How to remove broken power adapter stem from inside laptop?
April 24, 2007 11:53 AM   Subscribe

The tip (inside stem) of my power adapter broke off in my wife's computer (White iBook G4). Thus, its unable to recharge. How do I get it out? What are these parts called so I can look it up at an appropriate place?

I'm headed out of town in the next couple of days and I'd like to not leave one of us without a computer. The Apple store is too far away. Local techs would charge this stingy guy too much.

All the data is backed up sufficiently.

I'm not afraid to open the computer up, but would rather not go rooting around without at least a guide. Too, if there's a clever or magical fix I'd love to hear about it. Searches haven't been fruitful. Am I using the right terminology?

The male part of the power adapter -- the thin stem -- broke off near the tip and is now lodged in the female power reciever in the side of the portable computer.
posted by GPF to Computers & Internet (16 answers total)
"Tip" is probably the right way to describe that part. The outer part is probably "ring" or "sleeve".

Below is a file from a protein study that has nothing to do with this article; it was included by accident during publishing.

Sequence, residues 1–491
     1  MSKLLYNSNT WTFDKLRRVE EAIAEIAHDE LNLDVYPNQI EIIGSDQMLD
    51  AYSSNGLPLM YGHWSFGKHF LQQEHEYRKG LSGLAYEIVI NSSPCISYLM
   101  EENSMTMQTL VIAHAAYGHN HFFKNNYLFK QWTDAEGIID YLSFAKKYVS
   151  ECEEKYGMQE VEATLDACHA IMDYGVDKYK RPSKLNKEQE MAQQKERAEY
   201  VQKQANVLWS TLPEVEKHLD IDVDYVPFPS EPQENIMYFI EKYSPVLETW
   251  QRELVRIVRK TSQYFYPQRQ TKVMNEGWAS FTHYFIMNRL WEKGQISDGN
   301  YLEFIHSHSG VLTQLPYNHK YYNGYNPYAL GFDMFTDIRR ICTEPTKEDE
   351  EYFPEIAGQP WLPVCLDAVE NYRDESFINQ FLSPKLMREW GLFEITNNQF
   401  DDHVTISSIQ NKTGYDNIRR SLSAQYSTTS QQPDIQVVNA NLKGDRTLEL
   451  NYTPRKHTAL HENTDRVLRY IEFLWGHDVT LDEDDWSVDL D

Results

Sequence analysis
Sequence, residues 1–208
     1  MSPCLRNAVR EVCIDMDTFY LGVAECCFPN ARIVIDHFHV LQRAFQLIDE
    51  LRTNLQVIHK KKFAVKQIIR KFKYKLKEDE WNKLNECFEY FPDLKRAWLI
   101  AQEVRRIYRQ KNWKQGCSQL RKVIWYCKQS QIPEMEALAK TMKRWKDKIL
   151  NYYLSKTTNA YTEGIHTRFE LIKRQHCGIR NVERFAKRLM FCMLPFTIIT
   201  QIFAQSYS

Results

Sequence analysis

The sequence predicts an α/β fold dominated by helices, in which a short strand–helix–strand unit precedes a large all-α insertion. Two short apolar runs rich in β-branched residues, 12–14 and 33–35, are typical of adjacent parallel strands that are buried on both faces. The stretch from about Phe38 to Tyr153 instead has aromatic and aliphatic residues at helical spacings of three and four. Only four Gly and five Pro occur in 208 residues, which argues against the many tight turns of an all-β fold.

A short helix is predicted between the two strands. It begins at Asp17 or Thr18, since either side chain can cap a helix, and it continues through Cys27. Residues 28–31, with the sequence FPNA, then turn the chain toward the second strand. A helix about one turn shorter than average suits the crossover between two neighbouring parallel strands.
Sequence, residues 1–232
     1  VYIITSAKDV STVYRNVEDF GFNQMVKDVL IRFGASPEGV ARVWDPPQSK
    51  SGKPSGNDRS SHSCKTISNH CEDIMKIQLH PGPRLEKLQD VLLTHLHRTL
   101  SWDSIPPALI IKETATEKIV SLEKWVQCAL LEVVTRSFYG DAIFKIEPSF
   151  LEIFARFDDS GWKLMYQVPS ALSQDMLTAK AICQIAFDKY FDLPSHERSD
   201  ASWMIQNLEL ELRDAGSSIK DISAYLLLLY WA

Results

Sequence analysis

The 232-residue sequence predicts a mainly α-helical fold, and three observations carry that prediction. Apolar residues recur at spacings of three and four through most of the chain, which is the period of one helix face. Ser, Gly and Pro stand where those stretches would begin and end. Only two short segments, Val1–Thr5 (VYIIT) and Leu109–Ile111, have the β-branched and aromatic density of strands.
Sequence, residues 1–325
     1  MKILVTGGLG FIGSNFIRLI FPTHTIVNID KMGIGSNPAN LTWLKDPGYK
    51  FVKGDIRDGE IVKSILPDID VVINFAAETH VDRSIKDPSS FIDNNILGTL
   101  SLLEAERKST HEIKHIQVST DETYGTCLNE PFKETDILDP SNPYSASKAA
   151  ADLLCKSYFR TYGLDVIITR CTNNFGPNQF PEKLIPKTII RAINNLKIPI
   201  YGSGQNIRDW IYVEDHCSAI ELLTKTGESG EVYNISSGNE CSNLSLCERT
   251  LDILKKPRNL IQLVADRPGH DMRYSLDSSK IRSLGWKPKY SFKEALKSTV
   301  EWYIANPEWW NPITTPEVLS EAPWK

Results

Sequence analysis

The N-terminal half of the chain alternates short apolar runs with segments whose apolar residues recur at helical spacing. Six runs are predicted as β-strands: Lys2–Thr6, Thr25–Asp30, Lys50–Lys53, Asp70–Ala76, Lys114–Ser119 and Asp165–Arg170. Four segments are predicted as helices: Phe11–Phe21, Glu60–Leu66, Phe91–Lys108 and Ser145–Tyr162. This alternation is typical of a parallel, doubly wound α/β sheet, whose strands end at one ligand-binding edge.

posted by cmiller at 11:59 AM on April 24, 2007

Other people have had this problem, and solving it isn't easy. But it can apparently be done.
posted by procrastination at 12:00 PM on April 24, 2007

My boyfriend had this happen to him just last month, and he just ended up going to the Apple store. This is a guy who opened up his PowerBook to swap out a crashed hard drive...this is an operation that is not for the faint of heart, apparently.

Are you sure it can't charge? My boyfriend found that a decent temporary fix until he could get to an Apple store was to just kind of jam the broken charger onto the broken part. It could still make contact if he was aggressive about it. I know this worked for him for at least a week.
posted by crinklebat at 12:15 PM on April 24, 2007

I assume this doesn't work, or people wouldn't be going to such desperate lengths, but have you tried pulling the tip out with a magnet?
posted by designbot at 12:29 PM on April 24, 2007

Aren't magnets and computers in that whole Hatfield/McCoy realm?
posted by cashman at 12:38 PM on April 24, 2007

Response by poster: Thanks for the replies.

procrastination: I'll be getting out the paper clips, Q tips, toothpicks and micromachines this PM. It probably won't take another OS upgrade well, so I may as well play rough.